Once upon a time I used to send out Christmas cards...quite a lot of them. I haven't done this for years. Instead I write a Christmas 'update' which brings the recipients up to date on what's been happening in the Crowl household - and email it. It's always a bit of a challenge at the end of the year, but at least keeping a journal throughout the twelve months prior to that helps to remind me of what's happened.
In the last few years I've even added in photos of the various family members - which has only served to make the letter longer for those willing to endure reading it right through. This is actually a bit of a step forward for me, since we never sent those custom photo holiday cards in the past that some people are wont (or were wont to do). So we've actually gone from sending boring Christmas cards with barely an individual note on each one, to a major letter and photos.
Anyway, apropos of that in no way at all, Grimhilda! enters her final week of rehearsals tomorrow. Sunday's rehearsal, in fact, will be the last time I actually play for the rehearsals. After that, it'll be the orchestra. I might not only be out of a job, but bereft! Time will tell.
Last night I caught up with the version of Children of Men that I recorded some weeks back. I'd once seen - on its own and out of context - the extraordinary long take that occurs towards the end of the movie, when Clive Owen stumbles and crashes and trips and climbs and eventually rescues the woman with the baby in the midst of a full-scale battle going on around him. The set-up for this must have taken days, with an exhausted cast trying to deal with all the bombs going off and bullets flying and people dropping dead. (Owen, in one of his best roles, looks exhausted through most of the movie.) It's intriguing that directors seem to like doing long takes when it comes to battle scenes. There's a famous one in the Russian version of War and Peace that travels across line after line of soldiers in various formations, but the most famous recent one (at least that I've seen) occurs in Atonement. James McAvoy walks through hundreds of extras (as soldiers) doing all manner of things to while away their time before their rescued from wherever it is they are, and there are horses racing past, and things going on in the distance and in the foreground and stuff happening everywhere. It's brilliant. I'm not sure what it adds to the movie, but it's wonderful.
The long take in Children of Men has more point perhaps because it heightens the danger that Owen is in; we're with him all the way as he ducks and dives, briefly encounters the nasty character (Owen claimed earlier that he has bad breath) who seems to delight in shooting anyone and everyone, whatever side they're on, and finally finds the mother with the new-born baby. But following that scene is the counterpoint: not another long take (although the camera still moves with the actors a great deal) but a marvellous quiet section in contrast to all the noise that's been going on: under Owen's protecting arm, the mother takes her crying baby out through the dozens of foreign refugees caught up in the battle and the soldiers who are struggling to keep the uprising at bay, and every one of them is reaching out to the child, quietly wanting to touch it, praising God for the miracle (the baby is the first in eighteen years in the known world). The soldiers, whose faces all have that grittiness that comes with being battle-weary, are suddenly charmed into humanity by this tiny creature: men reflecting their potential fatherhood. The women are like a thousand aunts all wanting to croon and chuckle over the infant.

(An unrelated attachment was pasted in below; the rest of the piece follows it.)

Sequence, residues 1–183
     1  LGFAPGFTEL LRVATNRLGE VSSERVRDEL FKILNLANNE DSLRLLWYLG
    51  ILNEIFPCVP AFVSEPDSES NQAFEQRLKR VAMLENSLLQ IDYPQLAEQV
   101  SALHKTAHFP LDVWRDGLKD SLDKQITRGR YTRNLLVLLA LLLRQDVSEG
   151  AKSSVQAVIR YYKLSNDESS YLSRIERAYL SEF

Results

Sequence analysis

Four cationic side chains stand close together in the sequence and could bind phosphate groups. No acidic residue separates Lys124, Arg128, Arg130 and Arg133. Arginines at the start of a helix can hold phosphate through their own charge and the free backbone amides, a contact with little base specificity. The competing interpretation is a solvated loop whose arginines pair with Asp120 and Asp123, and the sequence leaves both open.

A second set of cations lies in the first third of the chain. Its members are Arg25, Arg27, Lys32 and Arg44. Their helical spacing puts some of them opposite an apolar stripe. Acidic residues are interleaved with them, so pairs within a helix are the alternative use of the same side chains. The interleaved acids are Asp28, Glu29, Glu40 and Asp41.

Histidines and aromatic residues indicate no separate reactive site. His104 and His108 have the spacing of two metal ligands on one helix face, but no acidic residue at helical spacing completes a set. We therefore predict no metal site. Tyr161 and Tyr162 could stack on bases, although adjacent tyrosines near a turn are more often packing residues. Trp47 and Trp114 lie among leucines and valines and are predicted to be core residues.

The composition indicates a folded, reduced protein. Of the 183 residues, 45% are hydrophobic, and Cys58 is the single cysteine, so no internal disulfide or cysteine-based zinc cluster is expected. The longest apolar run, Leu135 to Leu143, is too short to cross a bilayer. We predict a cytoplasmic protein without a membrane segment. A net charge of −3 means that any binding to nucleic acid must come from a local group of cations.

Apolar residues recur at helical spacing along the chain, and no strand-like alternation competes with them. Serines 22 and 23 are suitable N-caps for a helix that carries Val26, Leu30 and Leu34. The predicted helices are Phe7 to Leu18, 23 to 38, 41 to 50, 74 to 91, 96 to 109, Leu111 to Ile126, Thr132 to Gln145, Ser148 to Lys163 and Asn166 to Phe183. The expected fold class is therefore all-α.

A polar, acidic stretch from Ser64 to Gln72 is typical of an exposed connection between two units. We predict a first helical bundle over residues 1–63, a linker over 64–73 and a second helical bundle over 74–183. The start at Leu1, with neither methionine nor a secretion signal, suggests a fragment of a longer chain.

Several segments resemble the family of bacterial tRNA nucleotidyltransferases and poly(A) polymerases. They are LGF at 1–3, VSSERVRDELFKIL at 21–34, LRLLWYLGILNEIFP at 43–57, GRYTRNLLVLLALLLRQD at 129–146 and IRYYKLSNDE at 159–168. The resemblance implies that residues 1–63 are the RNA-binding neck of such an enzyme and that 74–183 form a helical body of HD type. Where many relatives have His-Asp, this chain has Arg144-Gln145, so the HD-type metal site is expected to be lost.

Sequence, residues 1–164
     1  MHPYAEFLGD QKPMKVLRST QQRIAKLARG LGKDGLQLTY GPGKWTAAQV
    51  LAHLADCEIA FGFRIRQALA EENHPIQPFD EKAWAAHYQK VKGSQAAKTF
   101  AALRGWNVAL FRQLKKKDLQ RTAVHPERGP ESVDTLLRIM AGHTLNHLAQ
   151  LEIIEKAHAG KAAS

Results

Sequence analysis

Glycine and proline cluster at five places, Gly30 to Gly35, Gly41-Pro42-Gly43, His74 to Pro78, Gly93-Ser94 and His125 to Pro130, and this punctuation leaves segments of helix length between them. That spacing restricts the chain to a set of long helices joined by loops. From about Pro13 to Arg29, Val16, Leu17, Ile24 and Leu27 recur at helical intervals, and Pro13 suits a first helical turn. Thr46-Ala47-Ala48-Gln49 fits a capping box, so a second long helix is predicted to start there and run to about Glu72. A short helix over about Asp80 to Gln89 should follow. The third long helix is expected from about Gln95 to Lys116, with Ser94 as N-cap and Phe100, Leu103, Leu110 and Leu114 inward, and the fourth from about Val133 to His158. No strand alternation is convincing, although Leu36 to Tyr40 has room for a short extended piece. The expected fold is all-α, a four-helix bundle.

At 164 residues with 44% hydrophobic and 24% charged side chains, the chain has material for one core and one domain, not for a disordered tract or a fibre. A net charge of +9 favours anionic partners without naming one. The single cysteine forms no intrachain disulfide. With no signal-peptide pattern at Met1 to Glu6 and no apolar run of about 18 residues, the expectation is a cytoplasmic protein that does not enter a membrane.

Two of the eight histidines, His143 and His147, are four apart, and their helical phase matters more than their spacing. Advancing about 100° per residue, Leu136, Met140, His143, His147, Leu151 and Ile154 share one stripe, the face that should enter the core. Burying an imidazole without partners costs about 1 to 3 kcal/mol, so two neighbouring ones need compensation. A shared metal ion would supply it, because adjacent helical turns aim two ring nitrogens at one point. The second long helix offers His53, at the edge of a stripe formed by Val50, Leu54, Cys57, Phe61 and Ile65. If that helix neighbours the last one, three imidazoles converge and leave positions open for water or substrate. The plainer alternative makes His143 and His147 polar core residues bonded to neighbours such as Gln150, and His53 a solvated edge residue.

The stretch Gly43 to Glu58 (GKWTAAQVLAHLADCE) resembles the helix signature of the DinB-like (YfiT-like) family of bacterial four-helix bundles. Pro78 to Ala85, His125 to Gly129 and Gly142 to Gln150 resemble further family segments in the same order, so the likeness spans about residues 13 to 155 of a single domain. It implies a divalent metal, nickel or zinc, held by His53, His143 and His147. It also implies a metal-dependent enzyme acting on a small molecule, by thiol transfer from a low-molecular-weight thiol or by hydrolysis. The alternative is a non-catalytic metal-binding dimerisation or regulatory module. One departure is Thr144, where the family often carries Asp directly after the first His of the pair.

I don't know whether I missed the point of some of the scenes in this film, but I never quite figured out how the clearance of foreigners from British soil connected with the loss of fertility amongst women worldwide. The two intersected a great deal, but in hindsight don't seem to have a connection. Still it's a brilliant piece of filmmaking: wonderful performances, extraordinary sense of place (rubbish everywhere and detritus and a general air of things breaking down), a huge suspense in terms of how it's all going to work out, some extreme but believable action scenes, brilliant photography. Stephanie Zacharek calls it the 'bleakest movie you'll ever want to see twice' and that's exactly right: it is bleak, but it's so superbly done from beginning to end that seeing it twice is virtually a must, if only to catch up on all the hundreds of details that aren't shoved into our faces but are there if we're quick enough to see them.
And apart from the wonderful moment when the child is paraded through the battling crowd, there's the delightful way in which the animals react in this movie, in particular to Owen: it's as if they trust him, see him as the one honest character amongst the rest. Noisy farm dogs nestle towards him; a kitten climbs up his trouser leg.